Kawamura recalls when he first gained interest in robotics, a symbol of modern science. “Like many other children, I too watched the famous TV program ‘Astro Boy’ and was thoroughly entertained by the story. However, I knew that Mighty Atom was not the robot I wanted to create.” With age he realized he was curious also about the movements of animals and started to wonder whether he could apply animals’ abilities to robots. Kawamura started studying biomechanics and later switched his major to mechanical engineering to learn more about robotics.
“I am not mimicking the human hand, even though I have learned the principle of the human hand movement,” emphasizes Kawamura. “Mimicking hands, while familiar and acceptable, is not the optimal solution, nor is it a goal in life evolution. It is true that it is effective, but we must admit that sometimes it is ineffective as well.” Kawamura mentions the so-called Cambrian explosion, an event that took place approximately 540 million years ago, which refers to the sudden and explosive appearance of complex animals in the fossil record, to illustrate the importance of diversification. “Some robots can be hard; some can resemble human hands. But they still cannot cover the different needs of different industries.” Kawamura also reminds us that robot–human cooperation might be an illusion. “Sanitation is the most important aspect of food handling,” says Kawamura, adding “and humans carry bacteria in their bodies. Getting rid of humans results in cleaner food factories. Food will last longer in the fridge than at room temperature, and there are some food items and drinks whose taste deteriorates when exposed to light. If there were no humans around, robots could work in the environment that is best suited for the particular food item.”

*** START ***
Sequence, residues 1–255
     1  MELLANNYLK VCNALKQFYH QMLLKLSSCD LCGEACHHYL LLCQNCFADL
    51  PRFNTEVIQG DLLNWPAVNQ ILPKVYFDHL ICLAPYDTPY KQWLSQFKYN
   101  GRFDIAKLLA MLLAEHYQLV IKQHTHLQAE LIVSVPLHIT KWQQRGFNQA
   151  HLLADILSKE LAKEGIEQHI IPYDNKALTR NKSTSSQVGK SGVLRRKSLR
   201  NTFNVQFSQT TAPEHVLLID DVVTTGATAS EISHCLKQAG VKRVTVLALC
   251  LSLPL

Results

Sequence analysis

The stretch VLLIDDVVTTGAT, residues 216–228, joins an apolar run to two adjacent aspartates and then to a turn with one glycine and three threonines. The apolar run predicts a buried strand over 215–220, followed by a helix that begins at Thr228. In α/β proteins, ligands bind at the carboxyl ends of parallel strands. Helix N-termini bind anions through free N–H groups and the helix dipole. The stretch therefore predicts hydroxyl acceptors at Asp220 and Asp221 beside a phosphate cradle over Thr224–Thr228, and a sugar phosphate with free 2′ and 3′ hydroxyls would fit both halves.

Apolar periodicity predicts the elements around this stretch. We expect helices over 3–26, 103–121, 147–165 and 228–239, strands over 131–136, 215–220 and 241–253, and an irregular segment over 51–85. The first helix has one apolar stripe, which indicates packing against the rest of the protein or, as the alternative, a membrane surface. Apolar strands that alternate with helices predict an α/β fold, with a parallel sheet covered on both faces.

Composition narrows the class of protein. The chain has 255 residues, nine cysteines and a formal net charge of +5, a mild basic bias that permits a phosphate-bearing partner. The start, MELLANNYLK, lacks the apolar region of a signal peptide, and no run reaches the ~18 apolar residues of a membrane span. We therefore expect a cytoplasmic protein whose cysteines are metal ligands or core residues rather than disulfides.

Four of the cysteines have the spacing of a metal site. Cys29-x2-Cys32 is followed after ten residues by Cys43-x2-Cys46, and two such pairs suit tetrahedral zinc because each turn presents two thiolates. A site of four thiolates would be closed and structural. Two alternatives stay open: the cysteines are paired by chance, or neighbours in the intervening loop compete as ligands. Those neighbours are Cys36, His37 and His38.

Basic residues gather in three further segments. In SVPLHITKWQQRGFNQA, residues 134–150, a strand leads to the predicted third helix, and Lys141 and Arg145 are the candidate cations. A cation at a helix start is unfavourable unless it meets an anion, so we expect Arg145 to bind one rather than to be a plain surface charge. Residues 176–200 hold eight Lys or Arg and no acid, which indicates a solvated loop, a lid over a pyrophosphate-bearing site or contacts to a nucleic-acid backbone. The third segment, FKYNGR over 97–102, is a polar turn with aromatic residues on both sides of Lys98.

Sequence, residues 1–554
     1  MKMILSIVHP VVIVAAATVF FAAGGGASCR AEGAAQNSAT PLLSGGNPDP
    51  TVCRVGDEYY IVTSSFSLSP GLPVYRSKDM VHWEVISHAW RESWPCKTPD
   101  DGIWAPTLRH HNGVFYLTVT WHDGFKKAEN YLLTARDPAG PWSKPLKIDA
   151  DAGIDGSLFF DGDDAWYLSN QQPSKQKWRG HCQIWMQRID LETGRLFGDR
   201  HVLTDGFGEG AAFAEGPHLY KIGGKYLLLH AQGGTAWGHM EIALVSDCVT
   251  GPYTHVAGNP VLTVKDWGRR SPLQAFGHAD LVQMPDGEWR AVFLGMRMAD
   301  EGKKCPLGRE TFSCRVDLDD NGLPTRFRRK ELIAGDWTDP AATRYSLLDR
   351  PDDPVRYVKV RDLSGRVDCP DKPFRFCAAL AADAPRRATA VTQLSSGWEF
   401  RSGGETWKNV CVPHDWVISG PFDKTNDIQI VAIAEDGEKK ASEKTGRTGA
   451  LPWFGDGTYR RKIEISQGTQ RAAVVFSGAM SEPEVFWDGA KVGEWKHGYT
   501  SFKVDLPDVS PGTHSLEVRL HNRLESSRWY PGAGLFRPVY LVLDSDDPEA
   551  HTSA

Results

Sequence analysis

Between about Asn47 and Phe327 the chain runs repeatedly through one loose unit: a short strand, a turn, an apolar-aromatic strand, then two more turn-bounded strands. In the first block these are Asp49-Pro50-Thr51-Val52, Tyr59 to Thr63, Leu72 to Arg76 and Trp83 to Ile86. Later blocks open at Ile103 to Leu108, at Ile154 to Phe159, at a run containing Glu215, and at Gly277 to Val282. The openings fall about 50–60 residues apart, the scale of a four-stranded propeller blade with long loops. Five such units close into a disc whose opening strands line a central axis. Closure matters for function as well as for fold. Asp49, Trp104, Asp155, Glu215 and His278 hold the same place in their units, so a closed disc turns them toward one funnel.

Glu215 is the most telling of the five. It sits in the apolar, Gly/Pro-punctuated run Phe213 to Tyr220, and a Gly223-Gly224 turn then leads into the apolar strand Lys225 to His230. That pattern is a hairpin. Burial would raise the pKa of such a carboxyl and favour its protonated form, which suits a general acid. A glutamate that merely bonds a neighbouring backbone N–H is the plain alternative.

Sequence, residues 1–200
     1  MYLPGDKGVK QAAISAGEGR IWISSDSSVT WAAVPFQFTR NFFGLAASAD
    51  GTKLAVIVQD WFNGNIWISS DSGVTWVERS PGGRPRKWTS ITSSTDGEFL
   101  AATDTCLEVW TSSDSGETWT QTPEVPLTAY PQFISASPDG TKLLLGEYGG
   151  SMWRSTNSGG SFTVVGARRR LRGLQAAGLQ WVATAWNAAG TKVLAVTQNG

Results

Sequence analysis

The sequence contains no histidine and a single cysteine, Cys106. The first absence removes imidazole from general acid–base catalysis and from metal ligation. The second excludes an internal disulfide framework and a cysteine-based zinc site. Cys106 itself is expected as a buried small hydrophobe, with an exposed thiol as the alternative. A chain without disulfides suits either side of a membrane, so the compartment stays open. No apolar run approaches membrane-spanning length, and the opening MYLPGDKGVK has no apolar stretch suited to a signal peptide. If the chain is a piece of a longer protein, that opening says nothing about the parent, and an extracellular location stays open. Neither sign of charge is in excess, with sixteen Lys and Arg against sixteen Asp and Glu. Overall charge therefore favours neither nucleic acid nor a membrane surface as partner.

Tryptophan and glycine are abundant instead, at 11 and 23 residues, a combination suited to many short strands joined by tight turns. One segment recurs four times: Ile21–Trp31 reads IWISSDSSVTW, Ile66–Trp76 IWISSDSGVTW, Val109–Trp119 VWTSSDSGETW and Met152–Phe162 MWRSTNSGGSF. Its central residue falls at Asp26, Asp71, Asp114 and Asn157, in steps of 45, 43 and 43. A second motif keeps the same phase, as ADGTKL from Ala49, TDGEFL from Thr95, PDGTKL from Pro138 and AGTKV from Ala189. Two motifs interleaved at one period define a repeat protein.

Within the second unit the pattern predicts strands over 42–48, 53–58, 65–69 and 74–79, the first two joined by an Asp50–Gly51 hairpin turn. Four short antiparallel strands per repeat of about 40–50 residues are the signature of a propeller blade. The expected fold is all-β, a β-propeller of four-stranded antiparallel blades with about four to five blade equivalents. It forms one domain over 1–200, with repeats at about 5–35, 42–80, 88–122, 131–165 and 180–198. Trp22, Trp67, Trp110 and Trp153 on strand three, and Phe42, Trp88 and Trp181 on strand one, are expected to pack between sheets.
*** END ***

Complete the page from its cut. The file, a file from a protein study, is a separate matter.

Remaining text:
Kawamura is now working with around 15 laboratories inside and outside Ritsumeikan University. Kawamura’s lab is responsible for developing a control algorithm and analyzing the dynamics of finger-like end effectors actuated with air pressure. The other labs are in charge of key technologies such as new material development, etc. Kawamura manages this development project in its entirety.
“First, we had to be aware of each industry’s needs,” Kawamura explains. “We also had to learn what the 15 labs were good at, in order to combine our technologies and expertise. We have also asked many private companies to cooperate with us.” As a part of the industry–academia collaboration, one of the graduate students established Chitose Robotics Inc. in Kawamura’s lab in 2018, with Kawamura as one of its directors. Chitose Robotics Inc., a system integrator company in Japan, developed and merchandised a new, automated dishwasher system. The company is working on verifying the robotization of the dish-washing process. “We set up a mock kitchen and sink in our lab, installed some industrial robots, and started testing them. Dishwashing is a time-consuming task and physically tasking too, as the dishes are heavy and one always has to bend while washing them. We provided our new motion-control methods to demonstrate picking up, carrying, and stacking dishes.”
Kawamura emphasizes that as they are aiming to develop their findings for practical use, their robots should have a minimalistic design and be relieved of too many parts and equipment that need to be especially purchased or maintained. “I said that the end effectors would have lots of sensors, but I would equip them only if they were necessary,” says Kawamura. “We have to keep studying which sensors and equipment the industry really needs.”
Kawamura’s project (the Cabinet Office (CAO), Cross-ministerial Strategic Innovation Promotion Program (SIP)) is “[A]n intelligent knowledge processing infrastructure, integrating physical and virtual domains” started in 2018 and is expected to be completed in 2022. Its major goals are developing end effectors, clarifying their mechanism, and solving their problems. As its immediate goal, Kawamura is now planning to increase the industry–academia joint projects, following the dish-washing project, before 2020. Using these startup projects as a foothold, Kawamura and his lab will cultivate future collaborations before the completion of the project in 2022.
*The interview for the article was conducted in April 2019.